On this day in 1964, Dr. James Hardy transplanted a chimpanzee heart into a human. The patient, Boyd Rush, died within two hours.
Hardy had kept two chimps in a lab, waiting for the opportunity. In announcing the transplant attempt, the hospital spokesman omitted the fact that it had been a chimpanzee's heart. The hospital was forced to admit it several days later, to quell rumors that they had taken a heart from a living human. Instead, they had taken it from a living chimpanzee.
I should point out that most of the medical world was appalled at what Hardy had done. As told in Knife to the Heart, "moral and professional indignation were [Hardy's] only rewards." However, that did not stop others, as late as 1977: Tom Starzl (3 chimpanzee livers transplanted into humans), Raffaello Cortesini (organs and numbers unknown), and Christiaan Barnard (two chimpanzee hearts into humans). Preceding them all, in 1963, was Keith Reemtsma, at the Tulane University School of Medicine, who tried on five separate occasions to transplant chimpanzee kidneys into humans.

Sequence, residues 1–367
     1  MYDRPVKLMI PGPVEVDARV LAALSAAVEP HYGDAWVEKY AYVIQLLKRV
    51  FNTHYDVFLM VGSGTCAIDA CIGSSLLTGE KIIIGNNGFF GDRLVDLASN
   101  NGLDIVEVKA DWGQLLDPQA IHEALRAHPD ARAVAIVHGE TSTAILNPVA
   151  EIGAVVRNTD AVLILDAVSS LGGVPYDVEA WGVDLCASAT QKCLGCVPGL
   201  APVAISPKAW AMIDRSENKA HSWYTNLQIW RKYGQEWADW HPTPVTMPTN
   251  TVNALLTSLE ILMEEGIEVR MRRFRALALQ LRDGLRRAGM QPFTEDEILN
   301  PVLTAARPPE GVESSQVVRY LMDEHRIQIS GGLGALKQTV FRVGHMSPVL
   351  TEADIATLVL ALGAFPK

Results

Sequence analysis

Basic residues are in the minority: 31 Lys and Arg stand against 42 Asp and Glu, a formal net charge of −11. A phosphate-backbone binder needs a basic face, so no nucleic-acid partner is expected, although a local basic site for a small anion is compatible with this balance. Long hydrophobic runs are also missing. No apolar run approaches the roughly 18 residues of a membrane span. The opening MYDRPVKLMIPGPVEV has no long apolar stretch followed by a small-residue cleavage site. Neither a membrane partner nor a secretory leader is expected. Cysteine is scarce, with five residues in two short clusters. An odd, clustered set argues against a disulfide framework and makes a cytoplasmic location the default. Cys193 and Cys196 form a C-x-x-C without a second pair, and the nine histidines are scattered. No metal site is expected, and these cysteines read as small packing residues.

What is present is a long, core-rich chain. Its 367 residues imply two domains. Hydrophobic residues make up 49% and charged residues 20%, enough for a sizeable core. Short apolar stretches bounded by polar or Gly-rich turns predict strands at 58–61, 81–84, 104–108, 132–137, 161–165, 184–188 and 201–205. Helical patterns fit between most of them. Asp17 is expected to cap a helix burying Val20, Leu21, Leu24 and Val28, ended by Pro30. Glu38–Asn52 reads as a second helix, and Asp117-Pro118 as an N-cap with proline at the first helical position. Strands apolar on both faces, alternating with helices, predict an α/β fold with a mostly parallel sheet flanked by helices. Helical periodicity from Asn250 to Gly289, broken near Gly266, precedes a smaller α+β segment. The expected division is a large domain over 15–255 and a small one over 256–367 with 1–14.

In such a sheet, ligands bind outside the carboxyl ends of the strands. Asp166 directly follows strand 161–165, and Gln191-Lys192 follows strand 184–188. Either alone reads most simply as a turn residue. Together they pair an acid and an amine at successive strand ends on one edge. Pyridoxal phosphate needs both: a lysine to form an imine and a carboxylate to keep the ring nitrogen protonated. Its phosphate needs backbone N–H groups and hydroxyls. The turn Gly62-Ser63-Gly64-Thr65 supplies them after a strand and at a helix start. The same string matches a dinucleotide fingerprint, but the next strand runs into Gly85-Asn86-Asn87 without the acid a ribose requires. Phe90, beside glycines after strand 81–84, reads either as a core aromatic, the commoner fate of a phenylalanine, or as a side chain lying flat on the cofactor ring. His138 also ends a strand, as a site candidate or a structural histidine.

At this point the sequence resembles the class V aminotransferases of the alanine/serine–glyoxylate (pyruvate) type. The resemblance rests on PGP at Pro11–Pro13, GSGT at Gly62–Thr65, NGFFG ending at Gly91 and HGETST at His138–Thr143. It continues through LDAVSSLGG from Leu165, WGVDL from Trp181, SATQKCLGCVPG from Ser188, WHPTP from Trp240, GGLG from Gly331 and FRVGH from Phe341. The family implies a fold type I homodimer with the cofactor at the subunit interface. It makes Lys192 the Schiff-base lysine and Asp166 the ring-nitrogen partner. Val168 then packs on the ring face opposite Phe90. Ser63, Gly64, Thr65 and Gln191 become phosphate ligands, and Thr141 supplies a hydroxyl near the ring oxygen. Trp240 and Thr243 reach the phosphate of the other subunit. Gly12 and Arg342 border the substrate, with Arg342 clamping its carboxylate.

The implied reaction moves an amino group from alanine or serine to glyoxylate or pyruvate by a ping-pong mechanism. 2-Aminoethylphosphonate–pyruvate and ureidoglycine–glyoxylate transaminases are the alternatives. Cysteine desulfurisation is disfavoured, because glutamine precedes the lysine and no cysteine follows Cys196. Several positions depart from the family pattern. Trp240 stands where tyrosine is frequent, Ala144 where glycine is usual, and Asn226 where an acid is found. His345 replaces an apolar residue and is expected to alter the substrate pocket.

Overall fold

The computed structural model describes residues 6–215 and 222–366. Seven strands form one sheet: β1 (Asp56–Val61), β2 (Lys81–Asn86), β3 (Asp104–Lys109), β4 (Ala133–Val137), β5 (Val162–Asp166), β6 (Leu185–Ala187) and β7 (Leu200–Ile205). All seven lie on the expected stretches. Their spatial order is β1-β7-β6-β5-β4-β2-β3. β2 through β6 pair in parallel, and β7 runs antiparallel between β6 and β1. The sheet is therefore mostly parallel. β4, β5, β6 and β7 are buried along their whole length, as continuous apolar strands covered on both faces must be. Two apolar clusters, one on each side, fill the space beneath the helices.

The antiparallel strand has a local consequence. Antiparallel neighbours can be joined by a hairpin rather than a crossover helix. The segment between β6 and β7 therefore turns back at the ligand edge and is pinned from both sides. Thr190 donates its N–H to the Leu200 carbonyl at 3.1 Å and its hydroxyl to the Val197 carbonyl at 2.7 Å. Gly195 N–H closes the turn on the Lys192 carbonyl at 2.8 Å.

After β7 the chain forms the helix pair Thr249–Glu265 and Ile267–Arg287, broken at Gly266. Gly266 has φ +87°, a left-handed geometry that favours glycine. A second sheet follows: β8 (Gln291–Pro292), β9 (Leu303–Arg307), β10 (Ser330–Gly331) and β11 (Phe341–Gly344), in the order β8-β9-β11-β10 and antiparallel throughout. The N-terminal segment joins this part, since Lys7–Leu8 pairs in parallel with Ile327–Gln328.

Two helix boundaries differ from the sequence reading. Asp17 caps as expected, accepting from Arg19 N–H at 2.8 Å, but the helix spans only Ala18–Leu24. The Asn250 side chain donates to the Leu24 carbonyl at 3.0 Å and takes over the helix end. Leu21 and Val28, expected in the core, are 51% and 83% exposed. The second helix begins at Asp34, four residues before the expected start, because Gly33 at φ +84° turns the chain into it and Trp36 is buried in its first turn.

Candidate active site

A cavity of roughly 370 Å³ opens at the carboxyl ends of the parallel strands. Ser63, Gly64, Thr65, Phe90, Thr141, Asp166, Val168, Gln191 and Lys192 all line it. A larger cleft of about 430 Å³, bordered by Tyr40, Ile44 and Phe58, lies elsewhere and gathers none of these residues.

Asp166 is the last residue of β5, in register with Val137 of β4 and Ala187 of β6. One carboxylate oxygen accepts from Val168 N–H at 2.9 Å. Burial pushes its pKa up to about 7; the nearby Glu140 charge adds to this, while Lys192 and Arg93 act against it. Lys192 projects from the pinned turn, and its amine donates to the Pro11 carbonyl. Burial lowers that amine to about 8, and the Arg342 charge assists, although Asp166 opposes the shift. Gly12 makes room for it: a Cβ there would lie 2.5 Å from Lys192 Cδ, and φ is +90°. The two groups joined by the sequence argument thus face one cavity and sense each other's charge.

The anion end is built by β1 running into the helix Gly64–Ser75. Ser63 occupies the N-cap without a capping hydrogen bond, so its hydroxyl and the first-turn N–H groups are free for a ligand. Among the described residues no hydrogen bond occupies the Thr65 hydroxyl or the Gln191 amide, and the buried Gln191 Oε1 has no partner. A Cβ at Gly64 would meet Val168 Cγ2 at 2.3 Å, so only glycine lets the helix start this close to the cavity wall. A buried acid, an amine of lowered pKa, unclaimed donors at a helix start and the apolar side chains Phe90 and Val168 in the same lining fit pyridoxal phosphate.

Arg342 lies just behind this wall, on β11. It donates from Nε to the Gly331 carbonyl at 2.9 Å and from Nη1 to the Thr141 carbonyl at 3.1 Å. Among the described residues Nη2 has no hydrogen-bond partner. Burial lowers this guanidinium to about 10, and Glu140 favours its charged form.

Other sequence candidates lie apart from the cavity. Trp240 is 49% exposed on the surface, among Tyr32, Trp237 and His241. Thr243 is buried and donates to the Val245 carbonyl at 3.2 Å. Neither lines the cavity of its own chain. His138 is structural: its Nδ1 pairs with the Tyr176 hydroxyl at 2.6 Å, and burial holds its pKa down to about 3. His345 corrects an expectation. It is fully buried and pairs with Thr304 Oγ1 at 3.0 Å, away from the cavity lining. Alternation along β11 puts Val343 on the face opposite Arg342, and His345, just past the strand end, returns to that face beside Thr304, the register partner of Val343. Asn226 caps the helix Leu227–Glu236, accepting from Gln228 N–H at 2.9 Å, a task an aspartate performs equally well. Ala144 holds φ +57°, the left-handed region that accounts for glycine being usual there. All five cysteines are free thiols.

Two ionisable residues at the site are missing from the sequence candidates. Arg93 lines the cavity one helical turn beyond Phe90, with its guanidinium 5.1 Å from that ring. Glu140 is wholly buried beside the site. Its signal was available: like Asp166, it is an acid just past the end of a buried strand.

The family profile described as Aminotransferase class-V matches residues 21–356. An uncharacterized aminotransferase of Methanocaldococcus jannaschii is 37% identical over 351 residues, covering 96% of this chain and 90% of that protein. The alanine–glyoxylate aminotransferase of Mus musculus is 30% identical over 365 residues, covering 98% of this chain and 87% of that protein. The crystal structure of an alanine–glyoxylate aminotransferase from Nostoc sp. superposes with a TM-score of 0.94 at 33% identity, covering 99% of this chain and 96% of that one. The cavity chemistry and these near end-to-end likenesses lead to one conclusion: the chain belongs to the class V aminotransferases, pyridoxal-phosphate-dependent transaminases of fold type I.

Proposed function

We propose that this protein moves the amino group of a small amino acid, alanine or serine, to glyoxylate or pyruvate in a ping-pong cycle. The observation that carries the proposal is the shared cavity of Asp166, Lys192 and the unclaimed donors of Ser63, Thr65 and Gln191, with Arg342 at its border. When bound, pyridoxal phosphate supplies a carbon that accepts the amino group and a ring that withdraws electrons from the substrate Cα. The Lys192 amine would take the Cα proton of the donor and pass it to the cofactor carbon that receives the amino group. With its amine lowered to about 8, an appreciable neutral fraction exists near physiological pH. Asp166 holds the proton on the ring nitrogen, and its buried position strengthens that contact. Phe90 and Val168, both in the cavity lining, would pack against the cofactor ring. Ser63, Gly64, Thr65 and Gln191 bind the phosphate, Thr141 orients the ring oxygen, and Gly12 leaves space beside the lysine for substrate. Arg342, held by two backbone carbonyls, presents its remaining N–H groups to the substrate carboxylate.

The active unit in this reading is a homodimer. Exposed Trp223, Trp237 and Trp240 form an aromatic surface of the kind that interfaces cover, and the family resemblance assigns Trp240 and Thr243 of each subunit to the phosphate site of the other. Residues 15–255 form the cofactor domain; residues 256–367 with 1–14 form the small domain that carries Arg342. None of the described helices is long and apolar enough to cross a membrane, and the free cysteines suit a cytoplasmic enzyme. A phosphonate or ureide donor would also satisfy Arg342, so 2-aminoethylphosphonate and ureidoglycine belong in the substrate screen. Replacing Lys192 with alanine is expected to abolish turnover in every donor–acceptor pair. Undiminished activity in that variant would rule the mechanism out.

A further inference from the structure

All transplantation attempts were unsuccessful.
I don’t know where Hardy got the adult chimpanzees that he used. In 1964, North American zoos transferred at least 18 chimps into identified research programs or into unidentified private hands. We know the names of some of the chimps that were dumped by the zoos: Ricky, Albert, Sammy, Bobby, Chico (see Zoo to Lab for more info on Sammy, Bobby, and Chico), George, Vicky Jean, Marty, Gina, Chuck II, Clyde, Fritz, Kiki, and Candy.
Today, let’s remember the early chimpanzee victims, as well as the thousand chimps still in research labs.